Sunday, December 21, 2008

Figuring things out

I've been skimming through Malcolm Gladwell's Outliers. In the midst of the chapter "The Trouble with Geniuses, Part 2" suddenly so much seems plain, particularly when I look at the way people behave in academia. Despite all my years spent in that realm, I retain an uneasy feeling of having one foot in and one foot out of it. It's an obvious thing, but one I didn't connect to behavior. Gladwell argues, for example, that the difference between two geniuses, Oppenheimer (you've heard of him) and Chris Langan (you probably haven't heard of him), really comes down to class and culture:

That was the lesson Langan learned from his childhood: distrust authority and be independent... He didn't learn entitlement. He learned constraint. It may seem like a small thing, but it was a crippling handicap in navigating the world beyond Bozeman [his hometown]. (110)

8 comments:

Jeff said...

I haven't wanted to read the Gladwell book, but now you've got me curious. I've long thought that the biggest cultural gulf in academia separates those who were raised in an academic milieu versus those who independently stumbled into it. As one of the latter group, I still have a difficult time articulating the differences, as I perceive them, to the former group. Are those the sorts of class-and-culture distinctions Gladwell's taking about?

K. A. Laity said...

I got the book through ILL and you can read some of it at his site; it is skimmable.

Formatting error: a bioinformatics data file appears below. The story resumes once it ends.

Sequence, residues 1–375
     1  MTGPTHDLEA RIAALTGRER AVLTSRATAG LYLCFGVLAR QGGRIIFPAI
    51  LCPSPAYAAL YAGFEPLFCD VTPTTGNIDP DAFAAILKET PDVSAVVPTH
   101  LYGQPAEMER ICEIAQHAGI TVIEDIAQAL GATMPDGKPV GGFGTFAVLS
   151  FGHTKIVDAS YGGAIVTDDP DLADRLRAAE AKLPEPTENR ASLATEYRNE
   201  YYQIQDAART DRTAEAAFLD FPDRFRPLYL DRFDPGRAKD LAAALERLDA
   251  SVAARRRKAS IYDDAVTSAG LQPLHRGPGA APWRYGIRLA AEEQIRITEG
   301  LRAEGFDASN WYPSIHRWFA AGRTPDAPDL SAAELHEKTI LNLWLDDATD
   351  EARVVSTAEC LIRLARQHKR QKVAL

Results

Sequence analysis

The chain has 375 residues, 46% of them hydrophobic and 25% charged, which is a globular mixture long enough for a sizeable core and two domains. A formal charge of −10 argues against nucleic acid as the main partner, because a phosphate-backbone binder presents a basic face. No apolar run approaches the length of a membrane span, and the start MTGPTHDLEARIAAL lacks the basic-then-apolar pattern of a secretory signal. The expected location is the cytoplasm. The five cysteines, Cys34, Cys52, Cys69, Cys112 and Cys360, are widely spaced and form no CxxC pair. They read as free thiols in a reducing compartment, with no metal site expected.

You're quite right about that key difference: children of academics tend to learn early how to negotiate the system and *expect* it to accommodate their desires. They develop a sense of entitlement, not in the pejorative sense we often use it now (although that does happen, too), but in the sense that they know how the system works and expect it to do so.

In contrast, people raised without that milieu find it more difficult to work the system, expect to have to do everything themselves and mistrust those in power.

I'm kind of hoping for the long term effects as I figure these things out and adjust my behavior to achieve better results.

One of the overall points Gladwell makes is that outliers are not outliers, that they are inevitably part of a network, a community. It may be the culture of privilege that the children of academics grow up a part of, but it can also be less privileged but supportive networks. It's a corrective to our persistent American notion of the lone hero.

The Queen said...

Isn't the book fascinating? I read the first couple of chapters while cataloging it, but I have to wait for its return to finish the whole thing...

K. A. Laity said...

I'm finding several bits of useful information in its pages. Always a plus! I need to be more assertive (always, but in the right situations). That's difficult for me.

Chuckie58 said...

Wooooowwwwww! You mean, I actually COULD be a genius but my dad taught me to be independent and that screwed my chances of "succeeding". What an AWSOME concept!

K. A. Laity said...

LOL -- it's not quite as simple as that, Chuckie. I've taken it out of context here. He's contrasting cultural attitudes, not knocking independence per se.

Jeff said...

KAL - Thanks for the summary! I'm curious to read more of what Gladwell has to say about this, because I think he's touching on something that extends beyond so-called geniuses to cover a wide range of late-blooming personality types. I teach adult undergraduates who come into their own as early as their twenties and as late as their sixties, and while few of them are Gladwellian geniuses, they're no less remarkable. As their fellow non-genius, I'd hate for them to assume that class and culture are the same as destiny.

K. A. Laity said...

I really found the Late Bloomers essay very apt to my own situation. I'm no genius, but I saw a lot of my own life pattern in his assessment. And yes, comforting to think my best work still lies ahead (hope so!).